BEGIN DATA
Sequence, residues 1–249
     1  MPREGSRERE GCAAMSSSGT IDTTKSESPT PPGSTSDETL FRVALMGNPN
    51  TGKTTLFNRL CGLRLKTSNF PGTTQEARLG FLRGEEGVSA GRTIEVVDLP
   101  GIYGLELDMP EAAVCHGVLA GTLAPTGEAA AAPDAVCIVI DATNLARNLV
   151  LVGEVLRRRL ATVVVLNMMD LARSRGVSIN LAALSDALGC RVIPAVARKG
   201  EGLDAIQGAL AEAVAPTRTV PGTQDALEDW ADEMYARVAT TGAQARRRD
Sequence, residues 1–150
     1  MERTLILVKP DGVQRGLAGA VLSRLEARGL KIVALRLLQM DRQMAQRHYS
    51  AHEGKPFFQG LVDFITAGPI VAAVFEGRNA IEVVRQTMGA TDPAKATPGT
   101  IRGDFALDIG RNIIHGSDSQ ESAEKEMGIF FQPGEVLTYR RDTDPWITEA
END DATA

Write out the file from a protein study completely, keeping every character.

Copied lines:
Sequence, residues 1–249
     1  MPREGSRERE GCAAMSSSGT IDTTKSESPT PPGSTSDETL FRVALMGNPN
    51  TGKTTLFNRL CGLRLKTSNF PGTTQEARLG FLRGEEGVSA GRTIEVVDLP
   101  GIYGLELDMP EAAVCHGVLA GTLAPTGEAA AAPDAVCIVI DATNLARNLV
   151  LVGEVLRRRL ATVVVLNMMD LARSRGVSIN LAALSDALGC RVIPAVARKG
   201  EGLDAIQGAL AEAVAPTRTV PGTQDALEDW ADEMYARVAT TGAQARRRD
Sequence, residues 1–150
     1  MERTLILVKP DGVQRGLAGA VLSRLEARGL KIVALRLLQM DRQMAQRHYS
    51  AHEGKPFFQG LVDFITAGPI VAAVFEGRNA IEVVRQTMGA TDPAKATPGT
   101  IRGDFALDIG RNIIHGSDSQ ESAEKEMGIF FQPGEVLTYR RDTDPWITEA